But the head was still tight, and the newfound reality started to dawn on me. But this time, I was ready to accept my situation.

Talking to a therapist

Despite the changes in my life, I realized I couldn’t just ignore the random bouts of anxiety I continued to have. I had to find a way to control them. Thankfully, remote therapy was a thing, and right after giving my resignation, I started taking therapy. 

It opened up all the wounds I have felt. But I didn’t stop. I am a talker; I always have something to say. So I talked about everything from my conscious doubts about my words now and then to my desire to become a better writer. 

That’s when I was given the talk about meditation and journaling. 

Meditation and journaling

I’ve never been able to sit still. However, this time, I decided to give in and listen to what my therapist had to say. Here is what I did:

  1. Meditating right after waking: I had never had a morning ritual other than downing 1 liter of water to freshen myself and prepare for the workouts. This time, I started meditating. I put on my earphones and chose a meditative session to align myself for the day. My mind still found it hard to stay still at the start, and there were distractions. But I found a way to focus on breathing to calm myself down.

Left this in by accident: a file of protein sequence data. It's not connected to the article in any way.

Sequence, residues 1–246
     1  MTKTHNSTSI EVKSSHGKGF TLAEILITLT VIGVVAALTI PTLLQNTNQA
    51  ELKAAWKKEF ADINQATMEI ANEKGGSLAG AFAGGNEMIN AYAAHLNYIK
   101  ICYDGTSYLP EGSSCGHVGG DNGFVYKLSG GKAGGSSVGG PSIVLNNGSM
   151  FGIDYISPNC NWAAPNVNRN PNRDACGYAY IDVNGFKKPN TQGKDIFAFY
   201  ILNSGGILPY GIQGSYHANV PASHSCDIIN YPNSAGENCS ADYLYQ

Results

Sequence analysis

2. Sleep meditation right before bed: I had never applied sleep hygiene to my life. Always on my PC, either gaming or cooking up new ideas to write, I had always gone to bed with the after-effects of the blue screen deeply seared into me. However, sleep meditation saved me. It allowed me to let go of all the day’s stress (at least I tried to). I started going to bed a bit better and getting better sleep. 
  3. Journaling: Journaling was one thing that started to get me results. Every day, I decided to write down my aspirations. I listed them in a diary and started to read them aloud every day. It contained my aspirations, problem statements & solutions, and the things I am thankful for. 

All these have continued to help me. 

However, the struggle is ongoing because of a lack of consistency.

My struggles continue…

It is not every day that I get to enter words in my journal, and it is not every day that I get to realign my mind. It sometimes wonders. However, now and then, I give myself time to collect myself and start to focus. And then I feel good. 

Gaurav Mahajan's journey with anxiety

The ringing sometimes comes back, and sometimes, the doubts take over. But I persevere; I have the tools to move forward for now.

Dealing with anxiety is a journey. You’ll stumble, and at times, you’ll fall. But in the end, you’re going to get there. I know this because I am near it.